I did not fancy any more time in the open at the reservoir so we trundled east to Fingringhoe Wick where at least we could nip in and out of the shade.  A Red Kite greeted us upon arrival before the walk down to Margaret’s Hide added Green Woodpeckers and a few Dragonflies at last with Brown and Migrant Hawkers and both Darters but my highlight was in a reedy channel that crossed the path where stood the most magnificent display of Marsh Sow Thistles.  Not only were they the first I had seen ‘in the wild’ but they were actually my plants that I grew from seed best part of ten years ago. 

Ruddy Darter

Marsh Sow Thistles poking through the Phragmites 

Marsh Sow Thistles

The short story – I was given two parent plants by a chap who was part of an official re-introduction programme of this now very restricted species, with a view to us putting them at Rainham Marshes where they must have once lined the ditches but because there was no official record of them we were not allowed to plant them out.  I grew them on and collected the seed and found them very easy to grow on.  When they were about two years old I got approached with a view to planting them out at Fingringhoe and thus about forty plants headed off to be used as part of the rewilding and breaching project at the reserve but as with most of these things I never heard any more.

Marsh Sow Thistles

Fast  forward to yesterday and there they were in all their mature glory with some clumps as big as dustbin lids and the tallest flowering stems beating the 11 foot reached by my own last year by several feet! Many were already going to seed so let’s hope they manage to spread out once again along the waterways of the county.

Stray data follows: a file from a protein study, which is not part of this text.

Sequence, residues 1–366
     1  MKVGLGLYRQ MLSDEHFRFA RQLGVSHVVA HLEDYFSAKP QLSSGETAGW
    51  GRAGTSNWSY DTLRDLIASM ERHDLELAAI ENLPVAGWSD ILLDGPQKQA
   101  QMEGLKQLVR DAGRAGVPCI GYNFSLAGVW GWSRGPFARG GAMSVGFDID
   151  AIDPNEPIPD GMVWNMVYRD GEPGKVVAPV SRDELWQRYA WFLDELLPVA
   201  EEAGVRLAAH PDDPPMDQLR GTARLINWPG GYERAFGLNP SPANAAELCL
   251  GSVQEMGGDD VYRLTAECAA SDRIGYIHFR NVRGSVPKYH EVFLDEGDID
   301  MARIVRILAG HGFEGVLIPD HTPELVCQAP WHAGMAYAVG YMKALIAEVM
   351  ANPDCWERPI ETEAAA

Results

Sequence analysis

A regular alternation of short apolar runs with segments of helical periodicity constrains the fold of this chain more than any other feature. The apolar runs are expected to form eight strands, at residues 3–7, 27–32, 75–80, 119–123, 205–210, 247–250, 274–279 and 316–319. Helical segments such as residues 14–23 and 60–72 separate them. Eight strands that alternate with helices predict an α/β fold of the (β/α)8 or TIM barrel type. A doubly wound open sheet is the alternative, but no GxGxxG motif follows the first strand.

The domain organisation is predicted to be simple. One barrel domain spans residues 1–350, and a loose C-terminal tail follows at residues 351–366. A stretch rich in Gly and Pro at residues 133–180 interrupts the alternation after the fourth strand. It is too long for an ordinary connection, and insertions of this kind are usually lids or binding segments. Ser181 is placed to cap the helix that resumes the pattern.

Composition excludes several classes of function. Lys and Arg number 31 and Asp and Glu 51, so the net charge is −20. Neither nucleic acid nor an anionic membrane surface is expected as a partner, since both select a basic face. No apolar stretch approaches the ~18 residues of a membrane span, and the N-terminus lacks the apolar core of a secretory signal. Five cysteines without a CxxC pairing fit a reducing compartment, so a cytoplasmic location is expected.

Must have been 15 foot tall! 

I was somewhat taken aback at the scale of the breach lagoon.  This managed retreat was immense but as the tide had already largely dropped it was a muddy moonscape for the most part but we gratefully escaped the sun in the creaky hide and actually collected a good little spread of waders with several hundred Black-tailed Godwits, six Curlew, six Avocet, two Dunlin, two Golden Plover, two Grey Plover, eight Lapwing, six Oystercatcher, seven Greenshank, ten Redshank and singles of Bar-tailed Godwit and Turnstone. A single Shelduck was making trails in the mud and young Black-headed Gulls followed their parents and thankfully there was not a single dead bird to be seen.


Small Coppers dotted the path on the walk back and we found a poorly Oak with many sap runs with Hornets, Wasps, Greenbottles and a Red Admirals in attendance.  Hornets are stunning beasts if they are distracted and you can get in closer for a look!



Red Admiral

It was now mid-afternoon and almost uncomfortably hot so we retreated for an icecream with the added bonus of a Willow Emerald, a plump Araneus quadratus and a couple of elusive calling Bullfinches.

Araneus quadratus 

Willow Emerald

Retracing out steps we had a quick look at the Layer de la Haye causeway at Abberton where two juvenile Little Ringed Plovers became our 17th species of wader for the day and young Yellow Wagtails flew around calling with the numerous Pieds. The dead fallen tree in the closest corner was littered with Egret decorations with at least seven Great Whites amongst the Littles in and around it.  A final look from Billets Farm added no waders, just zillions of Coots, Mute Swans and brown eclipse ducks but there were more Yellow Wagtails, a few of all three hirundines and a pair of silent Skylarks to round up proceedings.  It was good to get in the car and on my way with all the windows open after a somewhat sweaty but successful day.

Who would have ever thought that this would be normal at Abberton?


  1. A great day out with great company - thanks Howard - I stopped a little longer and upped the wader count to 18 with a Ruff.

  2. Marion Bertuzzo9 August 2022 at 19:12

    Really enjoyed reading that on my way home on the train. Great pictures too.